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Mexico

Mexico's Dominant PRI a Contender Even in Struggling States

The PRI is at risk of losing several governorships in Sunday's elections

Women in feathered bikinis dance in front of an electoral banner with an image of Héctor Yunes Landa, candidate for Governor for the Institutional Revolutionary Party, PRI, and the coalition "Para Mejorar Veracruz," or "For Improving Veracruz," during a campaign rally in Cosoleacaque, in the gulf coast state of Veracruz, photo: AP/Eduardo Verdugo
1 year ago

COSOLEACAQUE, Mexico — It looks like party time in Veracruz. Women in feathered bikinis gyrate to bouncy dance music praising the ruling party. A bused-in crowd of voters mills beneath a tent covering a full city block, waiting to celebrate the man who — if 87 years of history holds true — has a strong shot at becoming the next governor.

The upbeat spectacle is part of efforts to burnish the battered image of the Institutional Revolutionary Party (PRI) in Veracruz, a state it has never lost despite years of drug cartel violence, looted government coffers and multiple unsolved killings of journalists.

It is depending on loyal voters like Rubiselia Alor Pérez, a single mother from an outlying neighborhood of this city of 23,000.

Asked how things had gone in the state, Alor Pérez said, “Worse, worse — unemployment, crime, everything.” Nevertheless, she’s sticking with the party known as the PRI: “I was born with my party,” Alor Pérez said. “There you stay.”

Polls indicate the PRI has a fighting chance to win yet again in Veracruz and most of the other 11 states holding elections on Sunday — victories that could smooth its path to keeping the presidency two years from now.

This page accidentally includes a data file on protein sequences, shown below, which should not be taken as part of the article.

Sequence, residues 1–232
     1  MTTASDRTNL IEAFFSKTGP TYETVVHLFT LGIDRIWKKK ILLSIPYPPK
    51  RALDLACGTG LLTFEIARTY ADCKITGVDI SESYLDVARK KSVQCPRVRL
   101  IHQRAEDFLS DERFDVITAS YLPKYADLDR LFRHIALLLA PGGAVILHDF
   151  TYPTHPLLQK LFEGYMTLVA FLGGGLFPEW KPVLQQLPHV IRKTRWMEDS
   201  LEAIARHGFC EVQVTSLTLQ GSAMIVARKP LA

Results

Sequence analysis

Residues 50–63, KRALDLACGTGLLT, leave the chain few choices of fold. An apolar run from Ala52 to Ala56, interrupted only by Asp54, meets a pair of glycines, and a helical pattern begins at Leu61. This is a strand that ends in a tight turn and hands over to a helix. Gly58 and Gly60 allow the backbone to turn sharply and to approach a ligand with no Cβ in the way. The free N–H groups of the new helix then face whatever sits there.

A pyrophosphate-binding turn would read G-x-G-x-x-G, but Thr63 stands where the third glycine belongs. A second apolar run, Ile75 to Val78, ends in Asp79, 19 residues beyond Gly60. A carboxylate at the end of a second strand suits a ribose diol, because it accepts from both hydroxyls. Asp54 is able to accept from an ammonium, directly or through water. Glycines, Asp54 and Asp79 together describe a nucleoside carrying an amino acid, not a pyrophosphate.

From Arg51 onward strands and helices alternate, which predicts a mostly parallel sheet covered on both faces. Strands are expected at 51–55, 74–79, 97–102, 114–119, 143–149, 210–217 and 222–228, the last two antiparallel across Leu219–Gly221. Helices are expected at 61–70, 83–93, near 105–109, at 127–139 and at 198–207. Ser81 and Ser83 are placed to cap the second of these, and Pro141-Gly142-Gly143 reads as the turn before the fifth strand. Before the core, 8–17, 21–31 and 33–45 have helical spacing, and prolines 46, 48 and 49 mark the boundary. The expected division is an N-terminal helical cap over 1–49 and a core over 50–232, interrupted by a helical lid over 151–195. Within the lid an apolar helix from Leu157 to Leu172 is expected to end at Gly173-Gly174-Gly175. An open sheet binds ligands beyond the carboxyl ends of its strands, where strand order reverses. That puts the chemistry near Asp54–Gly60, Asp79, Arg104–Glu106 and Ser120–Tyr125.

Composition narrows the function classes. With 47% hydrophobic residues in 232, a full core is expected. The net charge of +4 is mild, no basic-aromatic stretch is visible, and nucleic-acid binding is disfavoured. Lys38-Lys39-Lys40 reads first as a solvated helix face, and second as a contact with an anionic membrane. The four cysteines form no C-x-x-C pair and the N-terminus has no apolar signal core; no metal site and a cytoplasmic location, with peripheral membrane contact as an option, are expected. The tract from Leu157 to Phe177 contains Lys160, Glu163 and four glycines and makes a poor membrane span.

“The more state governments the parties have, the more resources they have to mobilize and buy the vote,” said José Antonio Crespo, a political analyst at the Economic Research and Teaching Center (CIDE). ” So if the PRI loses some important places its probability (of winning in 2018) diminishes.”

Veracruz is the biggest of the states choosing governors and one of five — along with Durango, Hidalgo, Quintana Roo and Tamaulipas — in which the PRI has never lost even as its once iron grip on power has eroded across the nation as a whole.

While President Enrique Peña Nieto is suffering historically low approval ratings, PRI leader Manlio Fabio Beltrones says he expects to win eight of those statehouses. The party now controls nine of them.

The PRI finally lost the presidency in 2000 for the first time in 71 years. But even in a more competitive era it remains the country’s most powerful political force, controlling with its allies about half the seats in both houses of congress and 19 of 32 governorships. It won back the presidency itself in 2012.

At first glance, conditions would appear ideal for change in Veracruz.

Last week, five dismembered bodies were dumped on a highway near the Veracruz city of Cordoba. A sign left with the dead suggested one drug cartel was “cleaning up” its rivals. Days earlier, six people were killed in two nightclub shootings. Sixteen journalists have been slain in Veracruz during the six-year term of the widely reviled outgoing governor, Javier Duarte. Businesses regularly complain of extortion by drug cartels.